ArticleS. UncleBob.
JavaDates [add child]

Java Dates

This is just a rant about the horrible state of Dates in the Java Standard Library. Before you react, be assured we know about Joda. Our problem is that we are working for a client that (for one reason or another) cannot tolerate the use of open-source in their projects.

I am working with my compatriots on a simple Java application for managing a Library. Yesterday I wrote the module that calculated fines for overdue books. To do this properly I needed to know the number of days between the current time and the due-date. This is a matter of simply subtracting the two dates. However, the Java Standard Library makes this grossly difficult.

The two dates are kept as Date objects. In order to subtract them I was forced to:
  1. Convert them to Calendar objects
  2. Clear the times of both to midnight
  3. Convert them to milliseconds since the epoch
  4. subtract the milliseconds
  5. divide by 86,400,000 (The number of milliseconds in a day)

Here's the code I used.

private int daysBetween(Date now, Date returnDate) {
Calendar cNow = Calendar.getInstance();
Calendar cReturnDate = Calendar.getInstance();
long todayMs = cNow.getTimeInMillis();
long returnMs = cReturnDate.getTimeInMillis();
long intervalMs = todayMs - returnMs;
return millisecondsToDays(intervalMs);

private int millisecondsToDays(long intervalMs) {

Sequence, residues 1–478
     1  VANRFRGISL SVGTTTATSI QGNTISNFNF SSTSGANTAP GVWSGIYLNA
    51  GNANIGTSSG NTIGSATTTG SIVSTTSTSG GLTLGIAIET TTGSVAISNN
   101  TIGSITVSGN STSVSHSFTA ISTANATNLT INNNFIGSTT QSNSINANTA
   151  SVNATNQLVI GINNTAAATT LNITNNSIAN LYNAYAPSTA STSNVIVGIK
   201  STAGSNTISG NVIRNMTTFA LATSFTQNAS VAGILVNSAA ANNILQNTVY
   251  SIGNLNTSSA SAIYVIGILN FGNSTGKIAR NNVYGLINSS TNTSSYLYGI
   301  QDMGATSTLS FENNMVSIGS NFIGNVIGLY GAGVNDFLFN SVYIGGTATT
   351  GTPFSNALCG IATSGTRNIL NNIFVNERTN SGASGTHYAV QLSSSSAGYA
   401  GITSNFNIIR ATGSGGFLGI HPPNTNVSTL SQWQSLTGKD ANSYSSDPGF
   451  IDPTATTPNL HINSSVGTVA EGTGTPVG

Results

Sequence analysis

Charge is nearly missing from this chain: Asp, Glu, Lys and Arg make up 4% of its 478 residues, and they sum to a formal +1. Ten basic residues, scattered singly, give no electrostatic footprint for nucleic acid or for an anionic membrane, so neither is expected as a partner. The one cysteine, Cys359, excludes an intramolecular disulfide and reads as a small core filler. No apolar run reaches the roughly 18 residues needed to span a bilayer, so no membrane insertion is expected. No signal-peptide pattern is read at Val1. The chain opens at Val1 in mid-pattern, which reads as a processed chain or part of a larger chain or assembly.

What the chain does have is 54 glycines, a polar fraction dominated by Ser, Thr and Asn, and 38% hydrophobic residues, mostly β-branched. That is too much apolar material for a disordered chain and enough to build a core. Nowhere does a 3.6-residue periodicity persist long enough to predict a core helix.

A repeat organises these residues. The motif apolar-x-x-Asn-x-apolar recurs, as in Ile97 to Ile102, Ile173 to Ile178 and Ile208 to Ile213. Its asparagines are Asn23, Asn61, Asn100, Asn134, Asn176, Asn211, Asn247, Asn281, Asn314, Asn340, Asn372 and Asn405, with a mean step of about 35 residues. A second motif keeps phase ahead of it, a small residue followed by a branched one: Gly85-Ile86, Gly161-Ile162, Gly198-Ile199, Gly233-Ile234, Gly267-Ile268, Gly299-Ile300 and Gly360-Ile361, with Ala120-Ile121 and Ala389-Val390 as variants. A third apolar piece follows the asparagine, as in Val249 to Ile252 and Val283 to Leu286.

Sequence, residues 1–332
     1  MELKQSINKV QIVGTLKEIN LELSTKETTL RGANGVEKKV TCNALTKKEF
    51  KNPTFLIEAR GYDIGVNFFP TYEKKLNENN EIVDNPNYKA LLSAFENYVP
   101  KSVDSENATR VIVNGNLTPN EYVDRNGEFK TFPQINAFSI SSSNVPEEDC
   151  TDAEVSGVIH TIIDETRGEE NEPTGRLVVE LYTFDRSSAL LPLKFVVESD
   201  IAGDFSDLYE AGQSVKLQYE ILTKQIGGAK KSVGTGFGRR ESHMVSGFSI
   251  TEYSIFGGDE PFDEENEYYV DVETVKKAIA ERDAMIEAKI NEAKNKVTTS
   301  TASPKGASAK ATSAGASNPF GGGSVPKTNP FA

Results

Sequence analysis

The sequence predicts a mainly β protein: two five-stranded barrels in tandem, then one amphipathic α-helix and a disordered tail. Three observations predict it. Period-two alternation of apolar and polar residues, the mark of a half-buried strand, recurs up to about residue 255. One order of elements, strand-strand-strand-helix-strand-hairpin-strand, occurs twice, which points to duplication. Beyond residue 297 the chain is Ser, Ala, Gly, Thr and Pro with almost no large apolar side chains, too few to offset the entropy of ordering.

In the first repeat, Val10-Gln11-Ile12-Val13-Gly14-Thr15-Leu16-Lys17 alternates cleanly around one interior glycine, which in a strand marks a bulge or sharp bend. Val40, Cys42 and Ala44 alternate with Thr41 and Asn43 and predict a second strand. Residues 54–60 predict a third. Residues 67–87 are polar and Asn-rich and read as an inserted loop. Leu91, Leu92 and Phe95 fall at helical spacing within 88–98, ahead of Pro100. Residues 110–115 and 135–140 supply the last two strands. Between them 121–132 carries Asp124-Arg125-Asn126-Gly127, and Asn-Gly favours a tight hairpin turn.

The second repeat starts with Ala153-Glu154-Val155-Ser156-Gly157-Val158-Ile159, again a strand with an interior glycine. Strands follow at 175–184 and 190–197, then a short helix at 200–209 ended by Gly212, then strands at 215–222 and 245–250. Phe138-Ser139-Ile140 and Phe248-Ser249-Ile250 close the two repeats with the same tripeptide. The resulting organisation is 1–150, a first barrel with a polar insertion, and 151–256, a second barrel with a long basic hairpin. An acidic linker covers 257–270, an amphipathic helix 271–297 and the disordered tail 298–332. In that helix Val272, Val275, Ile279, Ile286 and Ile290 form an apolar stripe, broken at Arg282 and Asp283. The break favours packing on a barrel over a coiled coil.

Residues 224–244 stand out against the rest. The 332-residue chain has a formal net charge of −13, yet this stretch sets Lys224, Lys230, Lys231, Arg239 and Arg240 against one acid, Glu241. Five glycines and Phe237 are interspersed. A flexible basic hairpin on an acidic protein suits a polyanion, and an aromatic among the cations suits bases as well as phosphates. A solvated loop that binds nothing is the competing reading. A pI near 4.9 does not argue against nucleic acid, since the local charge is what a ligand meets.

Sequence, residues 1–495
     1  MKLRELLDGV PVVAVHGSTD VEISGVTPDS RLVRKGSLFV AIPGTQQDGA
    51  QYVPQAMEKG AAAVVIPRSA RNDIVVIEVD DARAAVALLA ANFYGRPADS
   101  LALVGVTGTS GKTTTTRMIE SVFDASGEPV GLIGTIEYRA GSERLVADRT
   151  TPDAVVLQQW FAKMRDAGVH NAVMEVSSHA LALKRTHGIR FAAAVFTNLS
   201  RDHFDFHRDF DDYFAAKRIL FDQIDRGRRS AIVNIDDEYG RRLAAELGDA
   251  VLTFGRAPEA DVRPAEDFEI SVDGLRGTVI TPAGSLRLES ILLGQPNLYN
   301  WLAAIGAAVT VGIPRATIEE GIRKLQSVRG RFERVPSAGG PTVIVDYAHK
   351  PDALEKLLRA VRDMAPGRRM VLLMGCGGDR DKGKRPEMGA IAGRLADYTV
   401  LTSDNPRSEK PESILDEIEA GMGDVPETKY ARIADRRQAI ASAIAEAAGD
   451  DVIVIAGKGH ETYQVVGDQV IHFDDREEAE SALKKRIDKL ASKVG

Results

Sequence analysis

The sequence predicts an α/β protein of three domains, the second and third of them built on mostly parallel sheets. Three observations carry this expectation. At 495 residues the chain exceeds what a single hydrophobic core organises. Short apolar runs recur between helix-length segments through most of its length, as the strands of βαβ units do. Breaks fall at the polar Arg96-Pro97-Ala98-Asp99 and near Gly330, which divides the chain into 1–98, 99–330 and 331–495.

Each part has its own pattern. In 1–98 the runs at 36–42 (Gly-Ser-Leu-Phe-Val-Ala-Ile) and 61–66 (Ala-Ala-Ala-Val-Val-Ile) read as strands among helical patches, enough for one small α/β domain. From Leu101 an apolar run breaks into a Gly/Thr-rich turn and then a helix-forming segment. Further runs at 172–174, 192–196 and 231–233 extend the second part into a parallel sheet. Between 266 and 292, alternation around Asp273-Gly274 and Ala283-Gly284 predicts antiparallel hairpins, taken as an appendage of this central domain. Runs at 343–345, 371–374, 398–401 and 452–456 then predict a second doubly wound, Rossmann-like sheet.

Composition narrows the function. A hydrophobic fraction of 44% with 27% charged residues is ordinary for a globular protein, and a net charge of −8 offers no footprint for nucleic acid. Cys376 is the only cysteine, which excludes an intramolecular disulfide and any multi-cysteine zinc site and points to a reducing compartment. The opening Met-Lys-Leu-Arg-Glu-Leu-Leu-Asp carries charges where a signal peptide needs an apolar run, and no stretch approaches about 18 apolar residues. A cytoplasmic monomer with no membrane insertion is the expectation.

return (int) (intervalMs / (1000 * 86400));

private void setTimeToMidnight(Calendar calendar) {
calendar.set(Calendar.HOUR_OF_DAY, 0);
calendar.set(Calendar.MINUTE, 0);
calendar.set(Calendar.SECOND, 0);

There are probably better ways; but this was all I could think of yesterday afternoon at the end of the iteration. Still, one would think that with all the tremendous thought and and effort that was put into the Java Standard Library, someting as basic to software as subtracting two dates would have been considered.

This is not al new problem. I've faced it before. And I've used other libraries to solve it before. I just happen to be in a unique position at the moment.

When I look at the Date/Calendar classes in the Java Standard Libarary I am reminded of the lesson that I learned 10 years ago while trying to build a reusable library in C++; and of Stroustrup's words of wisdom at the time. The only reusable libraries are libraries that are reused. In other words, if you set out to build a reusable library by thinking real hard you are likely to fail. On the other hand, you can build a successful reusable library by participating in several active projects and negotiating real useful elements for them.

I don't know how the Date/Calendar classes were built; but they show the hallmarks of thinking real hard. And I, at least, find them somewhat less then useful.

I've heard it said that the difference between useful software and worthless crap is that people build useful software for themselves, and build worthless crap for other people to use. It still looks like a sound theory. When I look at the Java date libraries or MFC or any of a dozen other such efforts, and then turn around and look at perl, python, ruby, even C++ I see proof of the concept. Even useful things can grow out of bounds (C++) but at least they're useful.